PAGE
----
Game Warden Field Notes
The following items are compiled from recent Texas Parks and Wildlife Department (TPWD) law enforcement reports. Images of individual field notes are available upon request.
Two Strikes and They’re Out
During archery-only deer season, a Coke County game warden received a call from a local rancher concerned that his neighbor was hunting deer with firearms. The warden, who was enjoying the World Series at home on his day off, headed to the ranch. Once there, he set up a concealed area where he could observe any illegal hunting. Just after sundown, the warden heard a high-powered shot about 500 yards from his position. A minute later, he heard another shot. The warden waited, then made his way into the ranch to investigate. As he pulled up to the camp, two men and one woman were quartering two whitetail does. The men admitted to shooting the deer and showed the warden the rifles they used. They produced hunting licenses with no tags removed and no harvest logs completed. The quartered deer were also missing proof of sex, which was later discovered in a ravine behind the cabin. The warden recovered both deer. Cases were filed, along with civil restitution.
Trinity County and Angelina County Game Wardens, along with a regional chaplain, patrolled the Neches River, checking for hoop nets. They located one containing about 22 catfish. With bad weather impending, the wardens surmised that the fisherman might check the net later that evening. The chaplain and a warden built a blind to watch for the fisherman’s return. The other wardens strategically parked their patrol vehicles and waited. Approximately 40 minutes later, the team in the blind heard a truck pull up and park on the opposite side of the river. The fishermen exited the vehicle, grabbed a pre-baited net and threw the net into the river. The net resembled the one found 50 yards away. Wardens initiated contact with the surprised fishermen from both sides of the river. Multiple citations for illegal means and methods were filed. Cases pending.
No Ducks on the Pond
An employee with a mobile home park contacted Harrison County Game Wardens to report 18 duck carcasses in the park dumpster. Following a lead from the property manager, wardens identified and located the suspect. The suspect confessed that he attended a guided duck hunt and accepted ducks from two other hunters without a wildlife resource document. Following the hunt, the suspect threw the ducks in the bed of his truck and traveled elsewhere for another hunt the next day. Back at home, the suspect said he no longer felt like cleaning the ducks and threw them in the park dumpster. Multiple citations and warnings were issued for failing to keep ducks in edible condition, possession of ducks without a wildlife resource document, violation of daily bag limit of lesser scaup and over the limit possession. Civil restitution pending.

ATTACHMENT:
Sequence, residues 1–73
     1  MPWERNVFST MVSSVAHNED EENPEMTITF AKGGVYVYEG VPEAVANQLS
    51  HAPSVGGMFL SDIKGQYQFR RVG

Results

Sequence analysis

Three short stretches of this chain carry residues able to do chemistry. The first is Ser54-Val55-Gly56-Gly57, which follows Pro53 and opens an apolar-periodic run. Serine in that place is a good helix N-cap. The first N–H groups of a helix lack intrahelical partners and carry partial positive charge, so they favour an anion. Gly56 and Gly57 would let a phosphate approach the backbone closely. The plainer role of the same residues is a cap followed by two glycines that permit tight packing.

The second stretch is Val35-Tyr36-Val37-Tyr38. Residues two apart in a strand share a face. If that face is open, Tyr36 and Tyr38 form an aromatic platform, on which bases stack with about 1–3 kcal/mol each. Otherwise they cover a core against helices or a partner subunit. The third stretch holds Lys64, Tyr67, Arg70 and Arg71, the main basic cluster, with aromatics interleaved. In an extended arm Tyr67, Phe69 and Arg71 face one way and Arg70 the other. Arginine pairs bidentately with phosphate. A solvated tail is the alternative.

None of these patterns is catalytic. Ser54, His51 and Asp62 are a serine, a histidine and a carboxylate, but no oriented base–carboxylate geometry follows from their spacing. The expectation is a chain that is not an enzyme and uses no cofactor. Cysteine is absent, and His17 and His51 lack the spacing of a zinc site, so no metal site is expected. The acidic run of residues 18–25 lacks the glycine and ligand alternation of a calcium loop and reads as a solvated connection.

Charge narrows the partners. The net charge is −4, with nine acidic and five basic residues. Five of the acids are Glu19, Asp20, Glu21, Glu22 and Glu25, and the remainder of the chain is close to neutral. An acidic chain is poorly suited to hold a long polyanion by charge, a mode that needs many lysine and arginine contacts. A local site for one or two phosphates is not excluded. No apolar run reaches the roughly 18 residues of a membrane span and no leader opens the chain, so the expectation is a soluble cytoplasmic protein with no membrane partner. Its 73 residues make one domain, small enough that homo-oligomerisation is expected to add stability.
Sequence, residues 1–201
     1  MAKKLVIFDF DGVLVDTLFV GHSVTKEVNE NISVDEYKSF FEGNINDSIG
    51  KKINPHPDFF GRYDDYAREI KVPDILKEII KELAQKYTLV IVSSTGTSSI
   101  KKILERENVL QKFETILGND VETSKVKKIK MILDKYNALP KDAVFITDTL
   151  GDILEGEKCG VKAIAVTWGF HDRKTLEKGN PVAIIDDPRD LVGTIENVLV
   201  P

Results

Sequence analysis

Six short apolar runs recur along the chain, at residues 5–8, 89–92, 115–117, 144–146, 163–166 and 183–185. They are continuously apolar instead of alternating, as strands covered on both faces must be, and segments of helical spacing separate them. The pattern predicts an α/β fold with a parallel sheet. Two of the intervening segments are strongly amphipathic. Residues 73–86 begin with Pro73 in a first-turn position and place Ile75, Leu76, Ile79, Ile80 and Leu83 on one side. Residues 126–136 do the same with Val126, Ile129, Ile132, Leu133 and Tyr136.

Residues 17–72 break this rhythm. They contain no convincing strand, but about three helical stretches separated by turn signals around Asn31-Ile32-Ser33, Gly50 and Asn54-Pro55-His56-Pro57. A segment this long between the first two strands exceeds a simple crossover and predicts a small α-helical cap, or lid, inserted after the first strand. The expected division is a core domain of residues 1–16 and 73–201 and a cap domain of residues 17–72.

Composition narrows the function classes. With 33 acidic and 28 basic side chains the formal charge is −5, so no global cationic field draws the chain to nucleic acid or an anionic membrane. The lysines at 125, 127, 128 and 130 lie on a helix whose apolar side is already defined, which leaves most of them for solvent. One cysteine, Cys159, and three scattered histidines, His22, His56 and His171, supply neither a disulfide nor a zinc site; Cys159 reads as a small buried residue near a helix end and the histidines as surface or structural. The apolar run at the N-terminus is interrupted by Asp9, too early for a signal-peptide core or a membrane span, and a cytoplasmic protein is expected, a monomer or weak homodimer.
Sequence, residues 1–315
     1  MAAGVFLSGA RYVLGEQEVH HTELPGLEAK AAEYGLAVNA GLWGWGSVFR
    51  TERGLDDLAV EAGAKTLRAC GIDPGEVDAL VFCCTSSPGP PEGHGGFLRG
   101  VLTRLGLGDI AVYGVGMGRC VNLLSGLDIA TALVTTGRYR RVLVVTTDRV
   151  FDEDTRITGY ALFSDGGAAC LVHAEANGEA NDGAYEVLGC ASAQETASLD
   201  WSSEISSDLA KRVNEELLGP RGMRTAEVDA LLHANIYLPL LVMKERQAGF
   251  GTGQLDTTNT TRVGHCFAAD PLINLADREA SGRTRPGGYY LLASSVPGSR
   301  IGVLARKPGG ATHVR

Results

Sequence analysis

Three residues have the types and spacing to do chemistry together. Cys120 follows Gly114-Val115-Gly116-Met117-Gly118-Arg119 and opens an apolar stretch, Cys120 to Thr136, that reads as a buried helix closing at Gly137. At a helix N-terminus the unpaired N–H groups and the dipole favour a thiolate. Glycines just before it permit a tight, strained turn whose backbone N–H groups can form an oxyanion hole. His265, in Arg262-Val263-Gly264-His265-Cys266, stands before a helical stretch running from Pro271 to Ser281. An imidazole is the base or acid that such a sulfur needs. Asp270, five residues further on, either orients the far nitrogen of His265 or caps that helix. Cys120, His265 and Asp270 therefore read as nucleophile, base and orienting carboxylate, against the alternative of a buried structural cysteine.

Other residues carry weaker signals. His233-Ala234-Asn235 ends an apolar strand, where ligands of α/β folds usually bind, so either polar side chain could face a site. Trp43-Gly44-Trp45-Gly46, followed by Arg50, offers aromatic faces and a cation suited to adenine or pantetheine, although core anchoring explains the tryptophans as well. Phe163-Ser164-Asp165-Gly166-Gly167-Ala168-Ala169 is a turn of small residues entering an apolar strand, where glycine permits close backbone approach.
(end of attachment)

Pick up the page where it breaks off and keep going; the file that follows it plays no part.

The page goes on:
One late afternoon, a Texas Game Warden received a call from the lease master of a hunting property regarding poaching on a neighboring property. The lease master stated that his son and daughter-in-law were walking to their deer blind when they crossed paths with a male subject carrying a rifle. The hunters asked the man where he was going, and the man stated that he was headed to his deer blind. The hunters explained that he was hunting on private property. The man replied that he had been hunting on the property since 1986 and would continue to do so, no matter what. The warden arrived at the ranch property and located the man hunting illegally inside a deer blind hidden in the brush. The male subject was identified and charged with hunting without landowner consent and criminal trespass.
Fly, Eagles, Fly
Caldwell County Game Warden Joann Garza-Mayberry responded to an injured bald eagle call. She arrived to find the mature bald eagle unable to fly. Warden Mayberry captured the eagle for transport to Austin Wildlife Rehabilitation Center in Elgin. Along the way, she visited a local school for an impromptu wildlife program on eagles. Veterinarians determined that the eagle suffered a broken right wing. It was not clear what caused the injury. The attending vet chose to explore medical opinions on the best course of treatment for the eagle.
Underage and Overheard
Patrolling a popular lake for nighttime hunting violations, McLennan County Game Wardens found an illegal bonfire on a dead-end roadway with a large group of under-aged subjects consuming alcoholic beverages. Before making contact, a warden snuck up to the group and overheard two subjects discuss a previous illegal hunting incident. Upon contact, the subjects were pulled aside for further questioning. Wardens and sheriff’s deputies issued citations for minor consumption of alcohol and released other group members to responsible parties. Following up on the lead, the wardens obtained pictures and verbal admission that a white-tailed buck was killed with a .22 rifle at night off the public road/right of way. The wardens identified three suspects and found the white-tailed buck carcass dumped in a large culvert pipe with its antlers removed. Multiple charges were filed. Cases pending.